Fall Special Olympic Games held at GSW Storm Dome

Published 4:50 pm Friday, October 20, 2017


AMERICUS – The Area 11 Special Olympic Games were held on Oct. 13 at Georgia Southwestern State University (GSW) in Americus.
For the event, over 200 student-athletes from six counties converged on the Storm Dome on GSW campus to participate in competitions designed to showcase basketball skills, including shooting, passing, and dribbling.
The athletes brought a wide array of talents to the court at GSW as they honed their skills in individual contests and team competitions.
One of the event’s principal organizers, Gia Sandwich, special programs coordinator for the Sumter County School System, spoke with the Times-Recorder at the event.
“We’re very excited to be here,” she said. “We do fall games and spring games. The college helps out, taking over for the fall games with the basketball skills… They also help out with the spring games.”
Sandwich went on to say that the event takes months of planning to execute.
“I started working on the shirts and all of the paperwork for all of the teachers this summer …,” she said. “I have to plan ahead to do special Olympics because it’s just me that does all of the paperwork and all that.”
Sandwich went on to say that she was very excited to be there at the games. “This is what I’ve worked hard for all summer,” she said. “The kids really enjoy it. It’s all for the kids.”
Carl Willis, the adaptive physical education instructor for the Sumter County School System spoke with the Times-Recorder as well, saying that around 150 athletes from the system were taking part in the games alongside participants from Dooley, Crisp, Lee, Taylor, and Worth Counties.
“We’ve got a good number of volunteers, probably over 100, which is great for GSW and, of course, for our school system.” He added. “It’s been a good day.”

A Special Olympian from Sumter County works on his passing skills as volunteers from Georgia Southwestern and the Sumter County School System offer assistance and encouragement.

Willis added that the program would not be successful without the tireless efforts of countless volunteers and community members and that he wished to express his thanks to everyone who participated.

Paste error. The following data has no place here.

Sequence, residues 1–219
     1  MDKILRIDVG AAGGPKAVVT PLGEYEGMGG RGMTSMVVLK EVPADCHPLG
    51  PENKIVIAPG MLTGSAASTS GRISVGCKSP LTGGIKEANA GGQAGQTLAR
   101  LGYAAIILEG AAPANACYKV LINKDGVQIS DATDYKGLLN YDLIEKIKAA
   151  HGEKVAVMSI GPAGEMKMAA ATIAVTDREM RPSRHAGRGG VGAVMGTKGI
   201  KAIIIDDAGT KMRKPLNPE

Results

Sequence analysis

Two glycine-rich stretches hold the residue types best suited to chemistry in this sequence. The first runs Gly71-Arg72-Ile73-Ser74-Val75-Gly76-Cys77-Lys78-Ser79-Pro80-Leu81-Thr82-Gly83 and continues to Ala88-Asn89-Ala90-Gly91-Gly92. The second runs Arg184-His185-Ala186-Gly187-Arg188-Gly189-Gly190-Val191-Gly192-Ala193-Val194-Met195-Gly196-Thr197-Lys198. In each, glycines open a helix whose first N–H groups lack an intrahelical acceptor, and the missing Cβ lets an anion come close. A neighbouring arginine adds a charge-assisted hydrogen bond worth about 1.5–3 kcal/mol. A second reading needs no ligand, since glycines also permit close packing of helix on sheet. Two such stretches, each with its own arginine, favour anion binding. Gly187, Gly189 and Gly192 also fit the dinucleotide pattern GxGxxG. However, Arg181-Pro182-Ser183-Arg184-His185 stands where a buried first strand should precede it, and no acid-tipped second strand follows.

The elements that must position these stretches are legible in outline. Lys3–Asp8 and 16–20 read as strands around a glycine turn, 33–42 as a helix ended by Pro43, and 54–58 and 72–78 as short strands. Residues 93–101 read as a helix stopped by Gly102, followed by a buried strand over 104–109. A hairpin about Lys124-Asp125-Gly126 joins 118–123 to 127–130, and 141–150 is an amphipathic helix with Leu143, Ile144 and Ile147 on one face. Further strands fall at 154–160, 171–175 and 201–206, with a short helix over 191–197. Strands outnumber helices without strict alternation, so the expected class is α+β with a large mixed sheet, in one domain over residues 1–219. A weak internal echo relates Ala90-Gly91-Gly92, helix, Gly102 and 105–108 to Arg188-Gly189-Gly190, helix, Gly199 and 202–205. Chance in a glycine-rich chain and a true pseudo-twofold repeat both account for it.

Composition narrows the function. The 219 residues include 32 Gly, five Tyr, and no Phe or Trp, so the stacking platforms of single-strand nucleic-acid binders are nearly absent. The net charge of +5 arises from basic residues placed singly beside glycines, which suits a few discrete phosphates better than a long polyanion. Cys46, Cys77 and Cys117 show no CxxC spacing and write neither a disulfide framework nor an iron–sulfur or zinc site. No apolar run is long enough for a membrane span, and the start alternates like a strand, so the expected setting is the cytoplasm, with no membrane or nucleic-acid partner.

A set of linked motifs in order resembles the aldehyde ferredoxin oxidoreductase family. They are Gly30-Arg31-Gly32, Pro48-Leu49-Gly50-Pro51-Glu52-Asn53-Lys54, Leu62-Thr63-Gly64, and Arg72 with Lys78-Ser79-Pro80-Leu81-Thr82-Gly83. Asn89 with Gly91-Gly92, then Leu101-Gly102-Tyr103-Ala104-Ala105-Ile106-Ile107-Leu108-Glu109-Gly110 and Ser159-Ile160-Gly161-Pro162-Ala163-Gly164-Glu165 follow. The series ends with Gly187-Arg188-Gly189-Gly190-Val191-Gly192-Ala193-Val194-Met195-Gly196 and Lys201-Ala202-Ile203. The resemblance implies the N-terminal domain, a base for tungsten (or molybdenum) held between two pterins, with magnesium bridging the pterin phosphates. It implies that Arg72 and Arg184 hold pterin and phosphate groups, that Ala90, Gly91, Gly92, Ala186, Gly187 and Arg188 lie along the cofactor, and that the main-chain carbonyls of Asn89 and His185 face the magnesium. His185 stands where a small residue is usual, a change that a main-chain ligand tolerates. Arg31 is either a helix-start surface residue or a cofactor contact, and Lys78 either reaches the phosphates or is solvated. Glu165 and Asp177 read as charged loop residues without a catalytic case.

Gavin Bernstein, a special education professor at GSW, discussed the college’s participation in the games with the ATR.
“This is the year that we’ve had the most counties participate…,” Bernstein said. “We’re trying to expand the area to include more athletes.”
“It all comes together with the premise of ‘We’re trying to get the students more involved with athletic events and those leisure skills that they need in life’”, he continued. “As far as the planning goes, we have a class that helps to work on that. It’s really all about getting the campus involved in it. They’re the ones that make it happen… Everyone participates.”
“A lot of Greek organizations volunteer to come and help,” he added. “The community supports the games as well. There have been private organizations and private citizens that have come out to help support and volunteer; walk students, cheer them on, and help them through the events. A lot of community volunteers and student volunteers help out in the Olympic Village, where [the athletes] are not competing for ribbons; they’re just having fun. The School of Education helps out. We have other student organizations here as well that have come and volunteered to help.”
GSW athletic director, Mike Leeder, also spoke with the Times-Recorder about the athletic department’s involvement in the games.

A young Special Olympian from Sumter County shows off his dribbling skills as he is cheered on by members of the Lady Hurricanes basketball team on Oct. 13 in Americus.

Leeder stated that members of each GSW athletic team were present for the event, doing everything from running the concession stand, officiating the team games, working with the individuals, or just cheering the kids on. “We try to get just about all of them involved,” he said. “We do just about all we can to include everybody in the department.”
“We work in conjunction with the School of Education here on campus,” Leeder added. “We just try to provide a great experience for the Special Olympians… We’ve been doing this now for 13 years. I think that each year we do a little bit better. We’re excited. It helps us in the fall because we’re using the two basketball venues. It helps because we’re able to get our two basketball teams out there to help coordinate the team games and the individual games as well. It’s been something that we’ve really enjoyed doing. I think our student athletes do a great job immersing themselves in the community. It’s gotten better every year. We’re certainly proud to be a part of it… We’re proud of our relationship with the Special Olympics and the way that the whole campus gets involved in this. It’s a great day for the Special Olympians and we’re just happy to be able to help out.”